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Practical Engine Building: Installing Thrust Bearings

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Installing Thrust Bearings


00:00 - We've already seen how to install the bearings into both the engine block as well as the conrod, but we also need to give some consideration to the thrust bearings in the engine.
00:09 Now there's generally two styles of thrust bearing that we'll be dealing with, where the thrust washers are separate, in this case we're going to have some thrust washers that look a little bit like this, and these will be fitted into both the engine block as well as the main bearing cap.
00:27 The other style of thrust bearing we may see is where the thrust washers are integral with the main bearing.
00:34 This is relatively straightforward for us because the thrust washers or thrust bearing assembly is installed when we install the main bearing into the engine block.
00:44 For this demonstration we'll have a look at fitting individual thrust washers into a Toyota 2JZ engine.
00:50 Now I've already got the crankshaft installed into the engine block, and I've just got two main bearing caps fitted at the moment so we can go through this demonstration.
00:59 Now what we're going to need to do is fit, first of all the upper thrust washers, and these are the parts of the thrust washer that assemble or fit into the upper side of the engine block.
01:11 Now when we take our thrust washers, we'll see that there's two sides to the thrust washer.
01:16 There's a flat side, and this needs to be installed towards the engine block.
01:21 The opposite side will have a couple of oil grooves and it's essential we get this around the right way.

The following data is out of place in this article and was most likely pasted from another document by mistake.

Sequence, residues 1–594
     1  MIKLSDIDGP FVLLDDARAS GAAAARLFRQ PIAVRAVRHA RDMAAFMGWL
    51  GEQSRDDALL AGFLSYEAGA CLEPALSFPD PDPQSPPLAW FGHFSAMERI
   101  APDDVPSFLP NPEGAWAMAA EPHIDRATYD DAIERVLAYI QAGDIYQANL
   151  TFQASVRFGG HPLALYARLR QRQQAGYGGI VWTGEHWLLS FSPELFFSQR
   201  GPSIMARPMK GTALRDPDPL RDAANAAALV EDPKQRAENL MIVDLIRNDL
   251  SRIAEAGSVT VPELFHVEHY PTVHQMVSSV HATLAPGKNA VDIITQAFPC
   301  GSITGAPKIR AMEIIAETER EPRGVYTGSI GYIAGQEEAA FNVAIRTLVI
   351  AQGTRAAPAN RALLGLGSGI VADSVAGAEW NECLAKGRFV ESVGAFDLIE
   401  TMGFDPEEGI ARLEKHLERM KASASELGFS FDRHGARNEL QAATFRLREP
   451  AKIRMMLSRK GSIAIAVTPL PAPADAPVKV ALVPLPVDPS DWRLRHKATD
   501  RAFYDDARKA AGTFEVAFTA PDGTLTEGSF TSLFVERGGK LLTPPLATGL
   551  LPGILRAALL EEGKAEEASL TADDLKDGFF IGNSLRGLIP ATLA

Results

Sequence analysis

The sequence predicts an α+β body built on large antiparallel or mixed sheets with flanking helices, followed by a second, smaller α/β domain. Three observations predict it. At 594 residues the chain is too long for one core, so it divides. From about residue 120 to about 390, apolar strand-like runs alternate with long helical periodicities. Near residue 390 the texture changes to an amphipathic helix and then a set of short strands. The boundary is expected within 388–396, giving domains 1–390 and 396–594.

01:27 If we install it the incorrect direction there's going to be no lubrication for the thrust surface on the crankshaft, and this can quickly destroy the crankshaft thrust surface.
01:37 So what we're going to do for this installation is use a moly assembly lube, just to give some protection during initial engine start up until oil pressure is achieved.
01:48 So I'm going to grab our moly assembly lubricant here, and what I'm going to do is just apply a thin coat of the assembly lube onto the surface of the thrust washer that will contact the crankshaft.
02:03 Once we've done this we can now slide the thrust washer into place.
02:08 So what I've done here is I've assembled the crankshaft and I've moved it all the way forward in the engine block.
02:14 What this has done is provided a large gap on the front half so this is the first part of the thrust washer I'm going to install.
02:22 What we want to do is simply locate the thrust washer into the block, you can align it with the crankshaft and then I can easily just slide the thrust washer down until it's in its correct location in the block.
02:37 Now that we've done this we need to install the opposite side but before we do this, what we're going to need to do is move the crankshaft to the rear of the engine block to make room to physically slide that thrust washer into place.